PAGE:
NECC Observer

The student news website of Northern Essex Community College, Haverhill and Lawrence, Mass.

Artificial intelligence: Friend or Foe?

A woman sits and looks at a computer screen where there is an image of her cyborg face on the computer screen.Photo by Editor-in-Chief Kim Zappala

Kim Lyng, liberal arts professor and program coordinator and Performing Arts and Communication Department Chair, looks at an AI version of herself on the computer in her office in the Spurk building. Lyng recently debated this “AI Kim” on the impact of artificial intelligence on educatioin in an event organized by CIS Professor Devan Walton.

AI promises to revolutionize the way we do everything, including coursework, but NECC faculty and some students have concerns about this future. 

With a new semester underway, and new developments in generative AI technology made public at a regular pace, these concerns are renewed around our campus.

Professor Devan Walton, who teaches computer and information science courses here at NECC, says that other faculty reach out to him regularly. 

“Probably twenty distinct emails, and double that in-person. They express a lot of anxiety about AI, they’re anxious about the future. This could be the end of everything. So, I ground them in reality.”

What is that reality? 

Many of us are familiar with programs like ChatGPT, a generative text model that can generate text based on written prompts you feed it. Students and teachers alike worry about its ability to write essays. And these fears aren’t without merit, Walton says. “Depending on the model, you can make work indistinguishable from a top-mark student.” 

The only issue is when the AI experiences what experts call “hallucinations,” where the AI generates content that is demonstrably false. 

But advances in the programming and training of these models makes them more and more accurate with each iteration.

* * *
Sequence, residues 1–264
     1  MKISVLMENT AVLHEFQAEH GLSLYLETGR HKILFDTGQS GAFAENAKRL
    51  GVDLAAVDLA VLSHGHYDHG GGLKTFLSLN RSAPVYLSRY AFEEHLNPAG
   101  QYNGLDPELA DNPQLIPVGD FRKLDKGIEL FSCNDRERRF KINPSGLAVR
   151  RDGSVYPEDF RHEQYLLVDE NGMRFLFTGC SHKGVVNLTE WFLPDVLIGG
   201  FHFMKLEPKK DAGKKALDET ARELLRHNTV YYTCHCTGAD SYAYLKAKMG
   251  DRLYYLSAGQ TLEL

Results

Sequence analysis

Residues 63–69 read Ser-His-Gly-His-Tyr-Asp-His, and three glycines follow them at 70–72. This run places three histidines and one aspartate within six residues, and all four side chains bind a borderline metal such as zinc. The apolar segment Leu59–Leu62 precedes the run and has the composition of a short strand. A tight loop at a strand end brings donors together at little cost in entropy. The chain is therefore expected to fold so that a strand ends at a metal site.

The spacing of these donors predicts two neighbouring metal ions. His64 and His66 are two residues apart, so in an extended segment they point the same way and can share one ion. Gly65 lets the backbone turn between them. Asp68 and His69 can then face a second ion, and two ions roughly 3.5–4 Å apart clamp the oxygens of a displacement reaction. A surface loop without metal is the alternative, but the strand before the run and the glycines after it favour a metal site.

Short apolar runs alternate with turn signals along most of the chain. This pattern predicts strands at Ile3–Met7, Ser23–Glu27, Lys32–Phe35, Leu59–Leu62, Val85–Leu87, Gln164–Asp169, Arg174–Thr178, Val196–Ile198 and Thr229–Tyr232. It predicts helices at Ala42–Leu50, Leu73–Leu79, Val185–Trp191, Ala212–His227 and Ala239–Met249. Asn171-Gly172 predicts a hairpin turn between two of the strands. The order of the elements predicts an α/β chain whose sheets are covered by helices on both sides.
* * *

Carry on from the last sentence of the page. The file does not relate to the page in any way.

“More sophisticated, paid models, the rate that it creates false content is much lower, except in math,” Walton notes

Educators aren’t alone in having concerns about AI. 

Olimar Gonzalez is a Nursing major at NECC, who says that using AI to write a paper is plagiarism. 

But it’s also become more prevalent in everyday life. 

“When I did a Muhammad Ali essay, I looked up stuff on Google, and it started to type up an essay.” She also said that she had an English Composition professor that made his students turn in all their papers on Turnitin to check all their written work to make sure it wasn’t written by AI.

Lauren Iannitelli is a Nursing major that works at Mass General, and says that she has used ChatGPT to study. Even then, though, she’s wary of its uses. “I feel it could turn on us in a way. I like the idea, but taking over jobs, I don’t think it should do that” Iannitelli says. “They advertise AI at my hospital. What if we can’t afford it, and we’re left without people that know what to do?”

Gonzalez agrees. She says “Now there’s a machine that does the chest compressions. And there’s the EMT guy, waiting for the machine to do it instead of doing it himself.”

It’s important to note the benefits AI tools can have in the classroom, professor Walton says. “It can identify weaknesses in an activity or curriculum” he says. “You can give ChaptGPT an assignment, ask it to make it more accessible, and it can answer that.”

As technology advances, what can we as a community do to address it? Walton believes that AI tools and their use will become an inevitability. “I think as it becomes more accessible, it’ll become the norm to expect students to collaborate with AI. AI collaboration will expand the types of problems we can address in the classroom. This AI future might not be great, might not be bad, it’s hard to say. When people say it’s bad, I understand that. But I also hope for a future where students can use it to tackle larger problems, and lead to a brighter future.”

So what does he recommend? “One thing I recommend people do is try using these tools. Most people with a lot of anxiety haven’t used them. Having used them and understanding their limits and capabilities can help.”